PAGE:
Because it can humble us, bring our attention to a sharp point of focus,
And make us rely on something even more elemental than bread.

Remember, Satan said, “If you are the Son of God, throw yourself down”
And you will be saved; the angels would never let any harm come to you.

Not only do we need to be safe and secure, we need to feel worthy.
Why? Well, worthiness is an indicator that you like me,
And if you like me long enough, after a while you’ll realize you need me a little bit,
And that strengthens the herd and my place in it.
And if you need me long enough and badly enough, then you’re in my pocket.
Give me enough esteem, make me feel loved and needed enough,
And you’re telling me that I am absolutely indispensable,
Which is setting me up for disappointment, of course, we know.

I was a junior in college when I served as the editor of the student newspaper,
And rather than do that again as a senior, it seemed good to get out of the way
And let someone else have a turn.
I have a sharp recollection
Of walking past the newspaper office in the fall of my senior year
And of seeing some of my work, one of our front pages from the year before,
With the word BEFORE scrawled over the top of it in magic marker,
Next to a sharp and colorful front page labeled AFTER.
It was like a little demon in my chest was turning a screw very slowly,
Saying, See, your work isn’t praiseworthy.

Although in the end, I guess, it was good for my soul to see that,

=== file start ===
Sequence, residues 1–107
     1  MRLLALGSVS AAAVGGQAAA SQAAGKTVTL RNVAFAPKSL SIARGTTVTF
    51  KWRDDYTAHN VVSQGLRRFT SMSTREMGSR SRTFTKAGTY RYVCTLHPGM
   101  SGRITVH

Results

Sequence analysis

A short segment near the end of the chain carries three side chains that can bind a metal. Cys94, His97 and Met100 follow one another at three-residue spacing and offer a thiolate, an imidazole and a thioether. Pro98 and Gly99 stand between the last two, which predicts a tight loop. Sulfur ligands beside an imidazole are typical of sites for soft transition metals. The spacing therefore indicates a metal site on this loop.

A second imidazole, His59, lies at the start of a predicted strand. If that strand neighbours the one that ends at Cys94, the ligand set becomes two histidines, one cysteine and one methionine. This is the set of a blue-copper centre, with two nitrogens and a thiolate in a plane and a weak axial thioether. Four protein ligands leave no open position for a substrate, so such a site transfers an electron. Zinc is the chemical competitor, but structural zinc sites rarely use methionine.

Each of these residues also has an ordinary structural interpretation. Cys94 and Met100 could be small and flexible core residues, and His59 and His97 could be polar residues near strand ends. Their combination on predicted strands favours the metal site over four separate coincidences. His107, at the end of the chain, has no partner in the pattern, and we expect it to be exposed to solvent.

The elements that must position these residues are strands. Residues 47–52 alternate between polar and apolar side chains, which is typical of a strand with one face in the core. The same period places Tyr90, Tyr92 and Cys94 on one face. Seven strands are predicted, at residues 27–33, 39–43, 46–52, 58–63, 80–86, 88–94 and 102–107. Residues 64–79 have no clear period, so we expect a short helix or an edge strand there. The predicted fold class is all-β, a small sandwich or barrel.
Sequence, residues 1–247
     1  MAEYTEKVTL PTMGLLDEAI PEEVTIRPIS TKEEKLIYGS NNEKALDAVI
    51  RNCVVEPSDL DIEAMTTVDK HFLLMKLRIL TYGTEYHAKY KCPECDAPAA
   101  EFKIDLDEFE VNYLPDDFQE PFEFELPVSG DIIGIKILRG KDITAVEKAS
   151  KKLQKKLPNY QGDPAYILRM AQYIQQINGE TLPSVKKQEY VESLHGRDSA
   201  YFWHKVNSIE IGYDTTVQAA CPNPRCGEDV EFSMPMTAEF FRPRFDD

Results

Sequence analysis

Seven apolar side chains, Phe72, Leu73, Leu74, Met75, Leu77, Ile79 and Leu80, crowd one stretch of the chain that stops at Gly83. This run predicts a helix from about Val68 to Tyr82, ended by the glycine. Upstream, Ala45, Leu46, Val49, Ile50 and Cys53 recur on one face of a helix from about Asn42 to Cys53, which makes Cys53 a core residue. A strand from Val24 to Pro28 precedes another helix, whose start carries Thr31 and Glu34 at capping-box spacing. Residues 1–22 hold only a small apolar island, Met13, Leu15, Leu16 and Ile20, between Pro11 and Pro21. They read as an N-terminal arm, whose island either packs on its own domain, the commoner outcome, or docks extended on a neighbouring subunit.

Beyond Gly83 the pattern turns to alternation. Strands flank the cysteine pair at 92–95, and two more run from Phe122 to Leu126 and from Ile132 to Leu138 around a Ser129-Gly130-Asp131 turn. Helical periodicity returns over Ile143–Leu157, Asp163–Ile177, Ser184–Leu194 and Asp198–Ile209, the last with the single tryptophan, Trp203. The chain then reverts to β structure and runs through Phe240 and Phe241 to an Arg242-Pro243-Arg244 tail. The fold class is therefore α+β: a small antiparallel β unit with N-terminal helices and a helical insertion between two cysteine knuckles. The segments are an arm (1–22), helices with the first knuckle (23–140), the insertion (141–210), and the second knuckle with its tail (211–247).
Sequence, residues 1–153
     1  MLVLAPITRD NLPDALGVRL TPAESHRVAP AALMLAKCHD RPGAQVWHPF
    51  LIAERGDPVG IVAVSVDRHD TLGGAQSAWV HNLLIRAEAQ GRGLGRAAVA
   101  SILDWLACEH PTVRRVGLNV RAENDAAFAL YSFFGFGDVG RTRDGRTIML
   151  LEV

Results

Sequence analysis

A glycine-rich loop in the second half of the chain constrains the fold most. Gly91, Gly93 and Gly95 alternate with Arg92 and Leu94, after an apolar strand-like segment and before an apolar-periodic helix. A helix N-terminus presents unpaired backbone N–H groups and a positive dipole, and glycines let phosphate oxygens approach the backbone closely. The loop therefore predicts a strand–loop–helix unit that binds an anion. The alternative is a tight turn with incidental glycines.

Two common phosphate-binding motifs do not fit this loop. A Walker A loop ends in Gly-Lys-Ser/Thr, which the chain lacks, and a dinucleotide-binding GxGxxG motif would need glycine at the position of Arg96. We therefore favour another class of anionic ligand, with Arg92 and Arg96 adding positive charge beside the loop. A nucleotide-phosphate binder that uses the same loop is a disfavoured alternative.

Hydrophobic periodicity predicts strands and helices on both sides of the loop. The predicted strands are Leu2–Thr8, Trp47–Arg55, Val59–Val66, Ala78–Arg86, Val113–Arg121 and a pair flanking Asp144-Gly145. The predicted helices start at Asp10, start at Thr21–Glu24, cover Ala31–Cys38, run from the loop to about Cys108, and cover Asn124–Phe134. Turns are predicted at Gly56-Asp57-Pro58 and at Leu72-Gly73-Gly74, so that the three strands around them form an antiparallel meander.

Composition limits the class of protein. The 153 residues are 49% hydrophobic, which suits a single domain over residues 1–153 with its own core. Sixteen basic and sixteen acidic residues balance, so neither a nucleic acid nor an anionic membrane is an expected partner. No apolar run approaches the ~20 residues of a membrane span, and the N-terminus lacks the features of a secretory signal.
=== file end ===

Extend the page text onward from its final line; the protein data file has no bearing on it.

And it was good to understand that sometimes one is an AFTER,
And sometimes one merely rates as a BEFORE.
It was spiritually productive for me have the illusion shattered
That I was always going to be needed,
Or that anything I did would always be liked,
Or, for that matter, that I myself would always be needed or liked.

Lent works in much the same way.
It taunts us, saying, What exactly makes you think you’re such hot stuff?

And how does Jesus respond to the need for esteem?
Again, by quoting Scripture,
Which is the fundamental admission that he is not the one in charge here.

He quotes again from Deuteronomy:
You’ve already put God to the test, and you can see the results.
So stop it. Just keep the commandments; that’s it; it’s simple.

Finally, power.
Remember, Satan said, I will give you all the kingdoms of the world,
If you will fall down and worship me.

Power is a constant negotiation to name who is in control at any moment.
Humans are made to play this game all the time.
Parents do it, the government does it, radio and TV personalities do it,
The political and judicial and electoral systems do it,
Our armed forces do it for dear life.
Everything in life, from written policies to dollar bills, can be seen through this lens.

We all want power,
Though only a very few know how to actually use it well once we have it.